The F-117A differed from the Have Blue prototypes in several respects in addition to size. The most noticeable external change was that the twin rudders were positioned further to the rear and angled outwards instead of inwards (the original arrangement was found to increase the aircraft’s infrared signature).
The F-117A was also provided with an infrared acquisition and designation system (IRADS) and a HUD based on the system designed for the F/A-18. The twin engines were more powerful General Electric F404-GE-F1D2 turbofans.
The F-117 still wasn’t provided with flaps or speed brakes, which meant that landing speed was high (around 180 knots) and a drogue parachute was provided. The new aircraft was capable of carrying laser-guided bombs or AGM-65 Maverick and AGM-88 HARM air-to-ground missiles in its internal bomb bay.
From 1982, the 4450th Tactical Group operated the F-117A at the Tonopah Test Range, a remote and secret base in central Nevada and part of the Nellis facility. Secrecy was paramount and most flights were undertaken at night to avoid observation.
The new aircraft was given the name “Nighthawk” and the designation “F-117A,” something that has caused a degree of confusion and debate ever since. The “F” designation is generally used in the US for interceptor aircraft.
The F-117 was never intended for this role, being a light bomber capable of carrying up to 5,000 pounds (2,300 kg) of bombs in an internal bay. Why then was it given the “F” designation?
The answer seems to be that this designation was used due to the desire of the USAF to keep the very existence of the F-117A secret. Treaties then in force between the US and the Soviet Union intended to limit the numbers of nuclear-capable aircraft meant that both sides had agreed to share details of all bombers serving in their respective air forces.
This requirement did not apply to interceptors which were regarded as purely defensive. A test was carried out where an F-117A successfully launched a single air-to-air missile from its bomb bay.
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This was felt to be sufficient to identify the new aircraft to be an interceptor and thus free of the need to be declared under treaty terms.
As a result, once it became known, the F-117A was generally identified by the public and in the press as the “Stealth Fighter”, even though it was never used in or designed for that role.
The F-117A was not an easy aircraft to fly. Its inherent instability required constant input from the flight computer and the fly-by-wire system just to keep it pointing where the pilot wanted. Its twitchy, bumpy flight performance earned it the nickname “Wobbly Goblin” from the pilots who flew it.
By late 1988, the F-117A had been publicly acknowledged by the USAF and the 4450th Tactical Group was redesignated as the 37th Tactical Fighter Wing, continuing the fiction that the F-117 was an interceptor.
The F-117 was first used operationally in December 1989 when two aircraft from the 37th TFW took part in Operation Just Cause, bombing targets in Panama. The F-117 also took part in Operations Desert Shield and Desert Storm in 1990/1991.
In this conflict, F-117s flew more than 1,000 sorties against targets in Iraq, achieving an 80% success rate and suffering no combat damage.
The F-117 was the only Allied aircraft used against the heavy air defences of downtown Baghdad in the early stages of that conflict where its stealth design proved to be completely successful in evading enemy radar.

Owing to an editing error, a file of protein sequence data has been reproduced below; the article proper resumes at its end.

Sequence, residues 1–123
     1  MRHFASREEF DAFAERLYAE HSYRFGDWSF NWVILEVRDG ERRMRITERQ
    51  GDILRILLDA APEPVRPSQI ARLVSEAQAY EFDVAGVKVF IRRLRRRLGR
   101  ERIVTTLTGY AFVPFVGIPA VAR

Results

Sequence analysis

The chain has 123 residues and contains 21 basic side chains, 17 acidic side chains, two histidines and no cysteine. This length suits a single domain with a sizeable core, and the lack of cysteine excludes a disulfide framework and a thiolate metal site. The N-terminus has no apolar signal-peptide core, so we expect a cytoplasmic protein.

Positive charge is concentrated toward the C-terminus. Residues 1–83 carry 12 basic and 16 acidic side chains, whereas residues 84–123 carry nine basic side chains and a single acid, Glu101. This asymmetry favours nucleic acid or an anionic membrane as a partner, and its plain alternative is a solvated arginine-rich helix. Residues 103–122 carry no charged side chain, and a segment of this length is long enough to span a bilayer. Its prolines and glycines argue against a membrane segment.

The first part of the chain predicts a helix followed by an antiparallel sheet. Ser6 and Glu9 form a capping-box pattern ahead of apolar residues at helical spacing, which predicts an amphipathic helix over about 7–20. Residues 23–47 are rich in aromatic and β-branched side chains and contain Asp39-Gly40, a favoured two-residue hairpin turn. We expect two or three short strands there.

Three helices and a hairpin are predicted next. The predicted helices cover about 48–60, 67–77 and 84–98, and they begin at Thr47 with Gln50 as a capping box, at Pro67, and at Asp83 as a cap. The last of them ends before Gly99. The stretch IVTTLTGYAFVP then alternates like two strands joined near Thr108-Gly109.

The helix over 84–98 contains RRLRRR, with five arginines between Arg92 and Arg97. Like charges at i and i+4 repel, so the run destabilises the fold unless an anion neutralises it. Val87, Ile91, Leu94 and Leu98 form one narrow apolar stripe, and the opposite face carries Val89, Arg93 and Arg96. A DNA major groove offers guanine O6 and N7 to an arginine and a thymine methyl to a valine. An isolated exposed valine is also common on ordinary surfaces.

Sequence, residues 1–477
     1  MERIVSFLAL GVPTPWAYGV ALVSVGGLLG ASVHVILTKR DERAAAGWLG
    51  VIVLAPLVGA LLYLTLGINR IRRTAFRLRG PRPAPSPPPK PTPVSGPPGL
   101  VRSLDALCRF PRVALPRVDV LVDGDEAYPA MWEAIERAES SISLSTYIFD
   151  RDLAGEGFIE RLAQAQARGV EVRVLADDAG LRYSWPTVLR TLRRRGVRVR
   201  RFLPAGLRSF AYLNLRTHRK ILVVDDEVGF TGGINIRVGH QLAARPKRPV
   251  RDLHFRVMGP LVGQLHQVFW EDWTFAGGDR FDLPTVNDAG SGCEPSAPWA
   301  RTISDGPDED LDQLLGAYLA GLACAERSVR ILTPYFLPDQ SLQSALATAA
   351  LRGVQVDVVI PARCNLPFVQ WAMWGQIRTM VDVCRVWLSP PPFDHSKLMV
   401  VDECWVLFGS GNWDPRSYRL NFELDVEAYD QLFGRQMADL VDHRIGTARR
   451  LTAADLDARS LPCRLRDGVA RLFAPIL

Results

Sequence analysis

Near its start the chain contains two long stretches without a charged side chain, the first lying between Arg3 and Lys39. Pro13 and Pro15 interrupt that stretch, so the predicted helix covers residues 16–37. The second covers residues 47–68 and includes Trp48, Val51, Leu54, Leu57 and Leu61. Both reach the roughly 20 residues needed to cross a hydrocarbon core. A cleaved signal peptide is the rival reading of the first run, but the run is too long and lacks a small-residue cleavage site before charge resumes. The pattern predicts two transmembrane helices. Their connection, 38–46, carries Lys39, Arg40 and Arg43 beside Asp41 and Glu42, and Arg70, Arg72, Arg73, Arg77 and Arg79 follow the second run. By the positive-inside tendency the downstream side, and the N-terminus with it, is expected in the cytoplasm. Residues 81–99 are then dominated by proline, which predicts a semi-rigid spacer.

In 1999, F-117s were used in Operation Noble Anvil, the US element of the NATO bombing campaign against targets in the Federal Republic of Yugoslavia during the Kosovo War.
However, in March 1999, an F-117 was shot down by an S-125 surface-to-air missile fired by the Yugoslav Army. This was the only occasion on which an F-117 was shot down in combat. The pilot ejected safely and was rescued by USAF Pararescuemen.
In total, fewer than 65 F-117s were built. Proposals from Lockheed for the F-117 Seahawk, a version capable of operating from aircraft carriers and the F-117B, a high-performance multi-role version, were both rejected and in 2008, after 27 years in service, the F-117 was officially retired from the USAF.
It is believed that several F-117s have been stored at the Tonopah Test Range in Nevada where they could if required, be returned to service.
The main reason for the retirement of the F-117 in 2008 was another Lockheed design that entered service in 2005, the F-22 Raptor.
The F-22 Raptor uses many of the low-observable technologies first explored in the F-117 but combines them with vastly improved performance and true multi-role capability. F-22 really is a stealth fighter whereas the F-117 was a fighter in name only. Ironically, the Raptor project was also cancelled later in 2008 due to high costs.
It was replaced by the cheaper Lockheed F-35 Lightning II though that aircraft also uses stealth technology first developed for the F-117.
The truth was that the F-117 was never more than a flying test-bed for stealth technology. Its limited bomb/missile capacity made it ideal for precision strikes in a high-risk combat environment, but in Operation Desert Storm, for example, the vast majority of Allied ordnance was delivered by conventional, non-stealth aircraft that were capable of greater performance and flexibility.
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Although it received a great deal of publicity in 1991 for its part in the US air operations over Iraq and Kuwait, the truth was that the F-117 provided only a tiny element of overall Allied air power.
The F-117 did what it was designed to do with outstanding success; it proved that stealth technology worked in combat conditions. In military terms, what it achieved was very limited. This was a one-trick pony, but its distinctive appearance and innovative design made the Wobbly Goblin one of the most instantly recognizable and best-known combat aircraft of the 20th century.
- Crew: 1
- Length: 65 ft 11 in (20.09 m)
- Wingspan: 43 ft 4 in (13.21 m)
- Height: 12 ft 5 in (3.78 m)
- Empty weight: 29,500 lb (13,381 kg)
- Max takeoff weight: 52,500 lb (23,814 kg)
- Powerplant: 2 × General Electric F404-F1D2 turbofan engines, 9,040 lbf (40.2 kN) thrust each
- Maximum speed: 594 kn (684 mph, 1,100 km/h)
- Range: 930 nmi (1,070 mi, 1,720 km)
- Service ceiling: 45,000 ft (14,000 m)